As her graduation from Hastings College neared, Hannah Jensen ‘15 wasn’t sure exactly how she would apply her double major in piano performance and music education outside of college. Little did she know, an opportunity to combine music and serving others would present itself to her, providing her with an experience that would drastically change her outlook on life.
“When I was thinking about what I wanted to do after graduation, I knew that I wanted it to involve music, and I knew that I wanted it to involve helping people,” Jensen said. “I was talking to Alayna O’Connell (‘14), one of my good friends I went to high school and college with, about how I didn’t know exactly what I was going to do once I graduated. She had been connected through her Episcopalian church and went to the Dominican Republic after she graduated, and she said that I should go, too.”
O’Connell connected Jensen with the director of her church’s program that coordinated service projects in the Dominican Republic. Jensen’s musical expertise gained at Hastings College made her the perfect candidate for a three-month job of teaching seminary students about music.
“It just worked out so perfectly that I didn’t think I could pass the opportunity up. I would be incorporating teaching music to people that were in need; it was exactly what I wanted to do,” Jensen said.
Jensen set out for the Dominican Republic in mid-September, but over the course of three months, her trip blossomed into something much larger than expected.
Spreading the love of music
“When I went down originally, I was supposed to teach music at an Episcopal seminary, but as I was down there they found more things for me to do,” Jensen said. “Attached to the seminary was a preschool that I also taught music at, and I taught at different elementary schools in Santo Domingo.”
During her three month stay in the Dominican Republic, Jensen worked with students from as young as three to as old as sixty. She quickly discovered that no matter the age, most of her students lacked a formal foundation for music.
“Music isn’t taught there in the schools, so even the adults I taught had never had any formal music training. It was starting from square one with all my students,” Jensen said.
Jensen traveled across the island, hosting short classes in local schools while at the same time continuing her work with the seminary students. Though the focus of her trip was spreading a love for and knowledge of music, she was just as influenced by the culture as her students were her lessons.
“Everything is so relaxed and comfortable there. When I was with the seminarians in class, sometimes we would just start making music on the spot, and it was so free,” Jensen said. “I try to think back to those times when I’m stuck in a rigid, serious mindset about music.”
The experience allowed Jensen to reflect on the role of music in her life, tying her close with her lifelong passion.
“Music has been a very big part of my life since the day I was born; I was brought up in a musical world,” Jensen said. “Going somewhere that had…a completely new musical environment helped me appreciate what I grew up in, what I was taught and all the musical knowledge I have now.”
A new perspective
Apart from music, the Dominican culture found ways into Jensen’s lifestyle. Immersion in a different culture introduced her to a new perspective on stress and gratitude.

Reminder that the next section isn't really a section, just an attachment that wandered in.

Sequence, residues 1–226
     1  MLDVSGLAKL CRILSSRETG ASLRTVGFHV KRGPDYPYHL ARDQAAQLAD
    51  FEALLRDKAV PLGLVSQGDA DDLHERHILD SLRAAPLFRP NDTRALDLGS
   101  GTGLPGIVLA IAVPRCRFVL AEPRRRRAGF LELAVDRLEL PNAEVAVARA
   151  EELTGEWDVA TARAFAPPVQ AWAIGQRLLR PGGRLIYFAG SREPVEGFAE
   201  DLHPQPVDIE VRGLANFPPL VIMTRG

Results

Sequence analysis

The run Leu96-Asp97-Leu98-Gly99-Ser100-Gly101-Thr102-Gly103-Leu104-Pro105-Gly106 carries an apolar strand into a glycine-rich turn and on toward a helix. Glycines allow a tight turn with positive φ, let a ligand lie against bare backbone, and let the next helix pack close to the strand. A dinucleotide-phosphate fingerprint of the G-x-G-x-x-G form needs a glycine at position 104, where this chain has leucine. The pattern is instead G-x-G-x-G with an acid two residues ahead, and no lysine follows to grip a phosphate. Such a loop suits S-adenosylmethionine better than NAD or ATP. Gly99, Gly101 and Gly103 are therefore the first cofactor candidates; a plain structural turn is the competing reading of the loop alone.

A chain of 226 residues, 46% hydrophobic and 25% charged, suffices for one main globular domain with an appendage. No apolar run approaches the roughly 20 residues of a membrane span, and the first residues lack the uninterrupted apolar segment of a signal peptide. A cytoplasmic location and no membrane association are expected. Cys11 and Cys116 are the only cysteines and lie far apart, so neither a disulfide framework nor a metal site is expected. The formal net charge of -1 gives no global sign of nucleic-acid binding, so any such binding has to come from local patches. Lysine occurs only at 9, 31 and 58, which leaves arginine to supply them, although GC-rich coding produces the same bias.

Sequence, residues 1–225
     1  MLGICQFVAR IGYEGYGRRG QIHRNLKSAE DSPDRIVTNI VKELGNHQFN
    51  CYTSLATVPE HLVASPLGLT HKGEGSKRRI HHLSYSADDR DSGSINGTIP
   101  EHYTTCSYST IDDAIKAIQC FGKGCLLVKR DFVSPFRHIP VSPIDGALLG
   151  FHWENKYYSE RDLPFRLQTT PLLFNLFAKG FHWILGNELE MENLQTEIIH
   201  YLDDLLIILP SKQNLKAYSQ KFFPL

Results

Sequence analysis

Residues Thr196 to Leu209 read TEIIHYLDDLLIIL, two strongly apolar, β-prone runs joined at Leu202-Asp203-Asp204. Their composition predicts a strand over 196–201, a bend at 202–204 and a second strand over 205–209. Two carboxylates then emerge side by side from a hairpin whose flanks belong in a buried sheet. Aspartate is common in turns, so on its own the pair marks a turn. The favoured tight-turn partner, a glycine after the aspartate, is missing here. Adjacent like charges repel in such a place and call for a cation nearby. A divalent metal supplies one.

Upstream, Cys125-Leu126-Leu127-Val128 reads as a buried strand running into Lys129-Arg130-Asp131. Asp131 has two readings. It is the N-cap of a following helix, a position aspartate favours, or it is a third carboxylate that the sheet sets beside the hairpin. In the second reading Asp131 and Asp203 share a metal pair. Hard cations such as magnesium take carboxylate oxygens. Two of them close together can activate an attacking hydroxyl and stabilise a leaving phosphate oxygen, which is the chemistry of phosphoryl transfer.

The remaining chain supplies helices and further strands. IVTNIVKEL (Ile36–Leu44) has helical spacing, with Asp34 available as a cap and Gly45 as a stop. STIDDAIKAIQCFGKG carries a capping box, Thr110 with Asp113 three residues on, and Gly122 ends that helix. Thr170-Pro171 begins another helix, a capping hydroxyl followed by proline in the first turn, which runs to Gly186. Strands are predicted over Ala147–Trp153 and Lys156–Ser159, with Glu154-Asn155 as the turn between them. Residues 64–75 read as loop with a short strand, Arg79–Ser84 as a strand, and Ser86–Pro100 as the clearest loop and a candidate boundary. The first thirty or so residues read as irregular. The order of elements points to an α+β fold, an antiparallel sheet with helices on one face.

“There will be times when I just get so stressed out about the littlest things, and it’s so silly thinking about it because I look back on how that culture reacts in stressful situations or in hard times,” Jensen said. “They understand that it’s difficult, but they are still so grateful for life, love and everything they have. I’m learning that I still have to work on taking a step back from the little things, but I’m glad that I had the experience to learn what the opposite of that is.”
The chance to experience another culture while sharing music was a unique experience that helped Jensen develop a deeper understanding of many areas of her life. For her, exploring another culture is an experience she suggests everyone to try.
“I think that if you have the opportunity to travel and be immersed in a different culture, you should take it. Even if it’s just for a few weeks or months, you should just give it a shot because there’s things that you don’t even know that you will learn,” Jensen said. “I was scared to death to go, but at the same time I was so thankful and I learned so much about myself and what’s important. I wouldn’t have had that eye-opening experience if I had not gone out of my comfort zone and traveled.”
Jensen attributes some of her success teaching music in the Dominican Republic to her experience at Hastings College. Not only did she feel she had gained the education she needed to teach others about music, but also the dynamics of the classroom helped her develop skills to overcome new challenges.
“I think a liberal arts education forces you to get out of your comfort zone by taking classes you don’t know anything about. I had to push myself to be successful in these classes,” Jensen said. “Being immersed in a culture that made me uncomfortable at first, I think I drew a lot of things from my liberal arts experience that helped me get through harder parts.”
Since her three-month trip, Jensen has revisited the Dominican Republic to accompany a mission trip from another church to help with a week-long summer music camp. She plans to return for another week next summer to teach music classes again.
NOTE: This is an expanded article based off a piece that appeared in the Fall/Winter 2016 edition of HC Today.